In order to give the newly hired salespeople the best possible start in your company and ensure that they are productive as fast as possible you should prepare a rigorous on-boarding process well ahead of the period where you start to hire and grow quickly. You have invested months of time and lots of money to seek out and hire the best candidates that you can find, don’t trip up at this critical stage. Compare the two scenarios :-

  1. Your new hire arrives, excited to be starting their first day. They arrive early, no one is about to greet them. When you arrive, you show them to their desk, tell them that their laptop will take another day or two before it’s ready and introduce them to the team. You don’t have any training program planned other than shadowing the team but then they’re salespeople, they know how to sell anyway !
  2. Your new hire arrives, excited to start their first day. They arrive early giving you chance to grab a coffee with them, it’s your opportunity to explain how excited you are that they joined you. You introduce them to the team, provide their laptop and then introduce them to their on-boarding schedule. You have a full two weeks planned; meeting new colleagues, their individual mentor and training courses that cover the basics of selling for your company. Everything they need to know to be successful all wrapped up into a nice easy package.

Not only is it very easy to see which scenario gives the new salesperson the very best opportunity to be successful quickly, if you were the salesperson who encountered scenario 2. you are going to be far more engaged and happy in your work, both avenues to greater success.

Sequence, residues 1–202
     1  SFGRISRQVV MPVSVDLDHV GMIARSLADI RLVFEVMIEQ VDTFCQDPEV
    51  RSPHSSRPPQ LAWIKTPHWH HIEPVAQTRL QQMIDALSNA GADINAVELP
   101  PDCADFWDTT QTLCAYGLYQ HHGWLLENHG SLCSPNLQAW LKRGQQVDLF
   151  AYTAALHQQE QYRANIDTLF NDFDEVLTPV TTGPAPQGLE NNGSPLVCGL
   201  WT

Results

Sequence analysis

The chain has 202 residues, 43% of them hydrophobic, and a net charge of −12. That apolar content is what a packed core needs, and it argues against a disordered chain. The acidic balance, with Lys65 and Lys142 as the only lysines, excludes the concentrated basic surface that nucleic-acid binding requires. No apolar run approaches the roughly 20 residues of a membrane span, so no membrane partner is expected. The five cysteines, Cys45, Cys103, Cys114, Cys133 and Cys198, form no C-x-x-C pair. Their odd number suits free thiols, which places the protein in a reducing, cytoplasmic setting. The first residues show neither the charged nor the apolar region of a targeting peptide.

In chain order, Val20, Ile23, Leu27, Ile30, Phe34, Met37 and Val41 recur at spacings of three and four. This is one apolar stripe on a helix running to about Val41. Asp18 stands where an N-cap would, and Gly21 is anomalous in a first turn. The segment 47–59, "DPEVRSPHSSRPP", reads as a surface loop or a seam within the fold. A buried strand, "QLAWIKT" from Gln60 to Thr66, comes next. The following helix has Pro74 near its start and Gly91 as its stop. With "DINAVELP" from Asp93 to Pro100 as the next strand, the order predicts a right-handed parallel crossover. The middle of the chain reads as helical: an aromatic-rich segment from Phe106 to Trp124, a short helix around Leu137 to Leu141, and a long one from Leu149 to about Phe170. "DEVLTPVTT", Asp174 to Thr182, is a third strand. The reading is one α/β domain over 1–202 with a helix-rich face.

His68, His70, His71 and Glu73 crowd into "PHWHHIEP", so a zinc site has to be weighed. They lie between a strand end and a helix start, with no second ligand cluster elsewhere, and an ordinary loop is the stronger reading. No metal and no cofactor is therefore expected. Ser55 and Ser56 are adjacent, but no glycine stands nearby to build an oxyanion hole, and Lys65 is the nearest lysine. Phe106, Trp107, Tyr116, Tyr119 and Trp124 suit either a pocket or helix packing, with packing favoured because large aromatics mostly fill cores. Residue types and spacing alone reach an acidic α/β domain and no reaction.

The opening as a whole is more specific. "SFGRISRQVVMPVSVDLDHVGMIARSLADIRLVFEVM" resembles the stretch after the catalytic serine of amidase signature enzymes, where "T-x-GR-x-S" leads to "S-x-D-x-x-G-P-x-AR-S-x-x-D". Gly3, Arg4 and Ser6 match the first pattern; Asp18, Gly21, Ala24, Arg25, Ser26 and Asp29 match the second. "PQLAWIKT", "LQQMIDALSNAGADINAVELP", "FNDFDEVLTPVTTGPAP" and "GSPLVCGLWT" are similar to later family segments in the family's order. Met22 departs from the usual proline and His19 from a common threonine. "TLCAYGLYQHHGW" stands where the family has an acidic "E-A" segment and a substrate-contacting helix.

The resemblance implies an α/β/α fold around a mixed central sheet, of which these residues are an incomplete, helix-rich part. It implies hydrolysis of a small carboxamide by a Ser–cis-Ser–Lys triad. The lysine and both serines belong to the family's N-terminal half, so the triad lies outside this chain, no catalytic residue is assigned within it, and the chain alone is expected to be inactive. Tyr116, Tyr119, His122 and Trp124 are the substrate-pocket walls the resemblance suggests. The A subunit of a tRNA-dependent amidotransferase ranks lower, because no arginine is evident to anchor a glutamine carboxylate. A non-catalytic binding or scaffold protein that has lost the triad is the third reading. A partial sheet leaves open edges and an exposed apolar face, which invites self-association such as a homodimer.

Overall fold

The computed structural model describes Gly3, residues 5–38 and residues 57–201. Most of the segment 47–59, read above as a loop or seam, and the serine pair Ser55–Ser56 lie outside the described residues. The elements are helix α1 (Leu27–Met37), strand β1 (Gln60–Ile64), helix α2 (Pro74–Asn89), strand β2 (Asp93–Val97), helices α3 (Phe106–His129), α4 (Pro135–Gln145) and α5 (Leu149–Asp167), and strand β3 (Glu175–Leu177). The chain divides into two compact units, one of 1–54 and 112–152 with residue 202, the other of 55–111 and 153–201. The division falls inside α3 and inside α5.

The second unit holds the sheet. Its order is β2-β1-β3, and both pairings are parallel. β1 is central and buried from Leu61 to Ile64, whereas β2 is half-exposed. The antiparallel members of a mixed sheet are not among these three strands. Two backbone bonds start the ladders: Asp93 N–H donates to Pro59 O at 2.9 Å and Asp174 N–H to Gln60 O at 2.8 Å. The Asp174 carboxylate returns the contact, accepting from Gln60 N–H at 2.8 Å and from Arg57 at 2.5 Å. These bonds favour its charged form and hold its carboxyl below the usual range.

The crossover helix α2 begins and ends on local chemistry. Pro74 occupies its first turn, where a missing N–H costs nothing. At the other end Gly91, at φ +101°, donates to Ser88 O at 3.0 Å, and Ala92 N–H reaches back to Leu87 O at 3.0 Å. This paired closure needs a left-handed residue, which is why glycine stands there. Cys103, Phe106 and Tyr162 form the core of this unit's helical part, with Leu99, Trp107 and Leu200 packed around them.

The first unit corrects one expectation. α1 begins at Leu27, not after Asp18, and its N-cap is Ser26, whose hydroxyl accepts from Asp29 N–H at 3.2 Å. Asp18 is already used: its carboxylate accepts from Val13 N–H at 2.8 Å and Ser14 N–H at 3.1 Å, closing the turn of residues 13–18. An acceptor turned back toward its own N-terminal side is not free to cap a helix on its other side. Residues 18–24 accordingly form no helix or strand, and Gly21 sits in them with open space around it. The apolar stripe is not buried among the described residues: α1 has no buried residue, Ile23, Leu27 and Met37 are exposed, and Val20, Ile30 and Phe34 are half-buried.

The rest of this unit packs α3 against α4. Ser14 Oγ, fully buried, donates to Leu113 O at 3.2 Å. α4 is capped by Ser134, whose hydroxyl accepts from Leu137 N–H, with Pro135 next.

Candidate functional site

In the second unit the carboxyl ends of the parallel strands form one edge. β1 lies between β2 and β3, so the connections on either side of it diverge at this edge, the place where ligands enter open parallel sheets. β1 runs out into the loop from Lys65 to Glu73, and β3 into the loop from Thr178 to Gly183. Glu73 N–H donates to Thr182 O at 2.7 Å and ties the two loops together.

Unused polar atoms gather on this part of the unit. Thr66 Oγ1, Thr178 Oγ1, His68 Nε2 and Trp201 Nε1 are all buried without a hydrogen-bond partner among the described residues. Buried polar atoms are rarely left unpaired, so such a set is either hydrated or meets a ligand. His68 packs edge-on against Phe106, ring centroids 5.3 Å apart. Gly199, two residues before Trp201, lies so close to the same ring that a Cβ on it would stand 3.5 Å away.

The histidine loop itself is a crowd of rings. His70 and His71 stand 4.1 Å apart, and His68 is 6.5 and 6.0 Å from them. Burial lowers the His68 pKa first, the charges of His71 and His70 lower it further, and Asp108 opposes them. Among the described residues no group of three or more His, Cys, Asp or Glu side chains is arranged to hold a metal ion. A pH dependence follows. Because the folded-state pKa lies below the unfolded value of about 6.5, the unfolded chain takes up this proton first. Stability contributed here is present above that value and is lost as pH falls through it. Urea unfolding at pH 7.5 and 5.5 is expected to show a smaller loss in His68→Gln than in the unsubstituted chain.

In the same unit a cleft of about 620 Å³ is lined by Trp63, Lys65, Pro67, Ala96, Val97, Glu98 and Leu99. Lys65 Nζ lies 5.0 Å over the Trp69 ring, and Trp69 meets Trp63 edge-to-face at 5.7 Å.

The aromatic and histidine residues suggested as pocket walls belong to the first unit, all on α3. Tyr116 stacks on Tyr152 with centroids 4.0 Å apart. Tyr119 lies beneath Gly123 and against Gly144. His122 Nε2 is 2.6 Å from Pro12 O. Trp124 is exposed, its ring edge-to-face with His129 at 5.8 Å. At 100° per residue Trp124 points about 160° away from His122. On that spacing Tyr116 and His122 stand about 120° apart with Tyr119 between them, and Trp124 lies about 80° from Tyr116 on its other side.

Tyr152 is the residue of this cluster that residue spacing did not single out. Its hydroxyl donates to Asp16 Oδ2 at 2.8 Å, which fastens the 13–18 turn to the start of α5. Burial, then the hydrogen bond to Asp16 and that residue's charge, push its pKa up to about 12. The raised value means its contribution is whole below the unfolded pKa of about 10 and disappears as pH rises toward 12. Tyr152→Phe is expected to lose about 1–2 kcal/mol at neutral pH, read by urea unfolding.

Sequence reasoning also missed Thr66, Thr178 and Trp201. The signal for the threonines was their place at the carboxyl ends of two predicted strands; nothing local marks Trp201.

Having a fully baked On-boarding process is not easy to build when you are short of resource and growing your team quickly but it’s an imperative otherwise all of the work that you have put in up to that point will be for nought. Much better to build the process up-front and be all raring to go when you hit the hyper-growth button.

Hiring Salespeople : What Traits, Skills & Behaviors Should I be Looking for ?

Hiring salespeople is, without doubt, the single most important part of a sales leaders role. Employing sales people who have a high probability of succeeding is critical to you and your companies long-term success, yet it’s rare for leaders to have had any formal training on how to hire effectively and what to look for in potential future stars. This leads to decisions being made on “gut feel”, certainly not a repeatable strategy that scales.

Over the years I’ve hired lots of salespeople and I’m thankful that the vast majority have proven to be successful as well as being great people. That’s not to say that I haven’t made mistakes, I certainly have. My objective with this post is to share some of the traits, skills and behaviors that I look for in Salespeople to help you maximise your hiring success and hopefully help you avoid some of your own costly mistakes.

Before I get into the details of what to look for when hiring salespeople I want to share one very important message … at some point you are going to get it wrong, expect it and be prepared to move very quickly when you do. My advice, be honest and transparent, correct the situation with maximum urgency and dignity for all involved. When this happens you will know very quickly that the individual doesn’t fit, make the tough call and end things quickly for the benefit of all concerned. Rule no. 1 – Hire Slow, Fire Fast.